Jason Harrell, DTCC Executive Director, Technology Risk Management & Head of Business and Government Cybersecurity Partnerships.
Resiliency has rapidly moved up industry and regulatory agendas as the threat of material disruption within the financial services sector (“sector”), including the continued growth of cyber threats, has moved from unlikely to inevitable. Resiliency is the practices and disciplines that enable firms to provide products and services to the marketplace in the face of potentially disruptive events, regardless of the nature or origin of such events, by anticipating, preventing, recovering from, and adapting to such events.
Most organizations have committed significant resources to implementing strong cybersecurity controls that integrate new techniques and existing technologies with the more established risk management methods. However, these controls form only part of what is necessary to achieve a robust level of resiliency, due to the complexity of the marketplace, the connectedness driven by new market entrants, the digitalization of financial services, and the increased activity of well-funded, malicious threat actors.
Regulators and standard setting bodies (SSBs) continue to elevate their interest in this area. Many firms have adopted standards in the National Institute of Standards and Technology (NIST) Cybersecurity Framework (CSF), a collection of cybersecurity best practices and evaluation criteria. The NIST framework has become a key benchmark of a successful cybersecurity program. Leveraging the NIST CSF, the sector can also identify priority areas for improvement based on the expected level of control by the organization.
Building upon the NIST CSF, the Financial Services Sector Coordinating Council (FSSCC), a public-private partnership designed to protect the sector from cyber-attacks, recently introduced the Cybersecurity Profile. The Profile, developed in partnership with regulatory agencies, integrates supervisory expectations to help financial institutions demonstrate compliance with cyber risk management requirements. The Profile is a good example of a successful partnership between supervisors and the sector to decrease regulatory compliance costs, provide a means to measure each firm’s cybersecurity programs across the sector based on their size and criticality, and redeploy saved resources to protecting the organization.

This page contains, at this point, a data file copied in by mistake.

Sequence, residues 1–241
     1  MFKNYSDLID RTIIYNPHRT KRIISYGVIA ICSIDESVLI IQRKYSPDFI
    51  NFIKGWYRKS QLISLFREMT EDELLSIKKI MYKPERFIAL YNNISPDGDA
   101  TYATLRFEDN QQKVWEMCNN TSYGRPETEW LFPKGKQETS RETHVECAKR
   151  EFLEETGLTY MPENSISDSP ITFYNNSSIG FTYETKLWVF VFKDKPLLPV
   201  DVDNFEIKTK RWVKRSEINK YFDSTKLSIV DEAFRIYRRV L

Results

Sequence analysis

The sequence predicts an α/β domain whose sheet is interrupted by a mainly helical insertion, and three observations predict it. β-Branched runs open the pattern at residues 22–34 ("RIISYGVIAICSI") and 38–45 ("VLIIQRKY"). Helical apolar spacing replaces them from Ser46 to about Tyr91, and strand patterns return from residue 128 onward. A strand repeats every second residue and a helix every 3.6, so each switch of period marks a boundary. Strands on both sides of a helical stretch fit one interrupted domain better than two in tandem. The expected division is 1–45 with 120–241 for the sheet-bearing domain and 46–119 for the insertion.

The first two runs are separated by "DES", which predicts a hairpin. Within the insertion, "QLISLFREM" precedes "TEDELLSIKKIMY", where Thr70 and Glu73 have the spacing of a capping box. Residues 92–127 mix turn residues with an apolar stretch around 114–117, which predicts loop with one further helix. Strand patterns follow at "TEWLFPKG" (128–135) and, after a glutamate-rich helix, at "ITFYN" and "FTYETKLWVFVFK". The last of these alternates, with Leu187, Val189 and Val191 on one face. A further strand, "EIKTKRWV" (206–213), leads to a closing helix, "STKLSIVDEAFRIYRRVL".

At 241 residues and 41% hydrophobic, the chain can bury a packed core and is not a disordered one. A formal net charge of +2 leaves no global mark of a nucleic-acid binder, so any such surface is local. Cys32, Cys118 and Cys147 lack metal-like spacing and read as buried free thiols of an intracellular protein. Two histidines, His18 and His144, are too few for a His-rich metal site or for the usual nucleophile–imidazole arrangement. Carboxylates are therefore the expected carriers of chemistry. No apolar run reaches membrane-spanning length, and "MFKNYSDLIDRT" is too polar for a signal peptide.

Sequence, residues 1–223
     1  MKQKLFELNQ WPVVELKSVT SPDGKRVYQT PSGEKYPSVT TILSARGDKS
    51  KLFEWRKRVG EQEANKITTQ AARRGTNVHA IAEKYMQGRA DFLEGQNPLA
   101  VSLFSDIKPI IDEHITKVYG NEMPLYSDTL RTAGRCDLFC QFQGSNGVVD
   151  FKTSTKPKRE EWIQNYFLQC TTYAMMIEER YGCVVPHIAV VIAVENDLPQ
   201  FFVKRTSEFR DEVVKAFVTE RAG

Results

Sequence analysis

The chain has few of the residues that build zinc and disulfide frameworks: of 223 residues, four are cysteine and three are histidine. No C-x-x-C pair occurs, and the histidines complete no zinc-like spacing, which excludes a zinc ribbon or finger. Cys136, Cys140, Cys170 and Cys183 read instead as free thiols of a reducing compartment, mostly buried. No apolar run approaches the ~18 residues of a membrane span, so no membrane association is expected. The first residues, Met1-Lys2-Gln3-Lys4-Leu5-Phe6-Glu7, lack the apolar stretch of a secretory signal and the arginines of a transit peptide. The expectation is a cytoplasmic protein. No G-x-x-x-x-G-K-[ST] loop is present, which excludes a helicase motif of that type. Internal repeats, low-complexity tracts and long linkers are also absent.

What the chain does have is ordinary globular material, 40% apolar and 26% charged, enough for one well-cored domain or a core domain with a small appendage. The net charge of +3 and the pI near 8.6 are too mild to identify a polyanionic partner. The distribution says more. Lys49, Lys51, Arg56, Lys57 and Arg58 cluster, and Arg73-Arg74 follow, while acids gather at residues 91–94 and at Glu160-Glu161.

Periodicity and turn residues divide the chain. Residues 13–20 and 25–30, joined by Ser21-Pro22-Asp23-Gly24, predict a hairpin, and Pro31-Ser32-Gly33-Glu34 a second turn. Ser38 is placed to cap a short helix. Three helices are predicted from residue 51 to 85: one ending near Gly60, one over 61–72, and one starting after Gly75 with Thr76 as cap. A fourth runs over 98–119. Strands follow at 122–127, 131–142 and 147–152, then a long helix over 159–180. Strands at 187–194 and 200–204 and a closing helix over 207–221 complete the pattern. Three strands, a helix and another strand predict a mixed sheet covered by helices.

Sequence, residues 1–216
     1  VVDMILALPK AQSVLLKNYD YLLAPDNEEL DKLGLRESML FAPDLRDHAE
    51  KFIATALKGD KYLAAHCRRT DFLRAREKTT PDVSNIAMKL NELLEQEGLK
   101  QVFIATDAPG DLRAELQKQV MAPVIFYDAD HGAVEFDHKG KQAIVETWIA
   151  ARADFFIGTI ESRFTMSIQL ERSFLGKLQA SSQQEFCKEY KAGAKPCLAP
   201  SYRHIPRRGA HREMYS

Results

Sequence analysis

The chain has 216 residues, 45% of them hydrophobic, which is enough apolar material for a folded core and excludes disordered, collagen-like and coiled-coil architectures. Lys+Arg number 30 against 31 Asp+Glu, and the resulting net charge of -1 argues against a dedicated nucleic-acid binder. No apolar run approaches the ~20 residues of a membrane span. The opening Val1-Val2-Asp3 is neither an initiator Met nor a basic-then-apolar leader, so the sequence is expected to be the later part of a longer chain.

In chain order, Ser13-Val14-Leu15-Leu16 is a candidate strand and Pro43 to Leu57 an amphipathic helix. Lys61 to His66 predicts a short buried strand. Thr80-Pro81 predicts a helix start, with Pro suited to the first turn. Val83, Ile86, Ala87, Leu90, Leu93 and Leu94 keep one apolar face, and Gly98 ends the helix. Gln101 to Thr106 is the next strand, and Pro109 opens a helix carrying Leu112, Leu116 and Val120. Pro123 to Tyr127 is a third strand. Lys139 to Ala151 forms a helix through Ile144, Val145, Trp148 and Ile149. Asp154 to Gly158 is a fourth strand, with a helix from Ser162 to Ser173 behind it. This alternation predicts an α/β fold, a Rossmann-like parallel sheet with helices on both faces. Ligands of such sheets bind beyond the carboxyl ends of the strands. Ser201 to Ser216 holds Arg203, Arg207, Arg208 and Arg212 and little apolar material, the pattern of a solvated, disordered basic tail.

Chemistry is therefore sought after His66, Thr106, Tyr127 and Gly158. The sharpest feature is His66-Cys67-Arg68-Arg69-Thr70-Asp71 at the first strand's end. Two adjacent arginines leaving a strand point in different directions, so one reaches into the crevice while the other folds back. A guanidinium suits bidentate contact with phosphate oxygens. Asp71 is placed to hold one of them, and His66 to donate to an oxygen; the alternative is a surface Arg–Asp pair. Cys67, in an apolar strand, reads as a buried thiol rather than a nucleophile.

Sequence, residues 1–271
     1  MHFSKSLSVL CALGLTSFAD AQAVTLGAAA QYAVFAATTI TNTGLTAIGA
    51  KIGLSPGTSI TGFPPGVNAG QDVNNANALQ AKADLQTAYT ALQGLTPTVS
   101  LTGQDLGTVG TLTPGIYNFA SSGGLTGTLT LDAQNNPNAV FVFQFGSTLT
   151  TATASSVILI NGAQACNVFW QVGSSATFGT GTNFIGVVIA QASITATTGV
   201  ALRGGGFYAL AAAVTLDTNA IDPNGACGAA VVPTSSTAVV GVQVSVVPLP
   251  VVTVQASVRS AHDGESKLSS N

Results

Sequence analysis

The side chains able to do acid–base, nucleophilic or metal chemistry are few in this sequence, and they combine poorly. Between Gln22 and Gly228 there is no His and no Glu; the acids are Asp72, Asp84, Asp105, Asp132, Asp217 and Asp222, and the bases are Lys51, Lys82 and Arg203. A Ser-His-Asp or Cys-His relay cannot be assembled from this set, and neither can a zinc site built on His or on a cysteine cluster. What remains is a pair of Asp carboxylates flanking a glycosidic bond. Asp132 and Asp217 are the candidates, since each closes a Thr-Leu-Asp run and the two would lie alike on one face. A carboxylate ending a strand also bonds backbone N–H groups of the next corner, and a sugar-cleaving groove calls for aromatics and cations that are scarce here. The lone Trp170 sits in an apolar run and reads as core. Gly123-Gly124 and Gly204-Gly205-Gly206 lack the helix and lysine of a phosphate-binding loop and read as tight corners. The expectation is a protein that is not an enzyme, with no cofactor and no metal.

Led by the Bank of England, the Prudential Regulation Authority, and the Financial Conduct Authority, who published a joint discussion paper detailing their collective views on what would be required to enhance an organization’s resiliency and the steps supervisors should take to support the sector, market supervisors have also begun to focus on resiliency. Additionally, action has been taken to strengthen resiliency across the EU, with ESMA evaluating the need for industry guidelines.
As the regulatory landscape continues to evolve, it is possible for different sets of regulatory guidelines to emerge, which make compliance difficult – and sometimes, impossible – for firms operating globally. To achieve regulatory consistency, regional supervisors should review existing international guidance and partner with the sector to coordinate resiliency-related requirements and outline how firms could meet them. Several frameworks, including the FSSCC Cybersecurity Profile, already exist in the marketplace and could build the foundation for a collaborative, global regulatory effort.
Equally important to a firm’s ability to improve resiliency is its ability to collaborate across the sector to share information, understand risks, identify new threats and develop coordinated responses between organizations. The Financial Systemic Analysis and Resiliency Center (FSARC), a partnership between the sector, the U.S. government, and other key sector partners, provides a controlled environment where the participants can securely collaborate. These collaborations strengthen the sector defenses and increases its ability to consistently provide products and services to the marketplace.
These public-private collaborations also enhance market access on a global basis. The interconnectedness of the sector increases access to financial services, enhances customer experience, and promotes financial literacy. These benefits require a network of services that spans across borders and regulatory jurisdictions. The coordination of regulatory guidance and the ability to share differing levels of information through public-private partnerships are critical to providing consumer-centric environment and building further resiliency across the sector.
This article first appeared in RegTech Insight on September 19, 2019.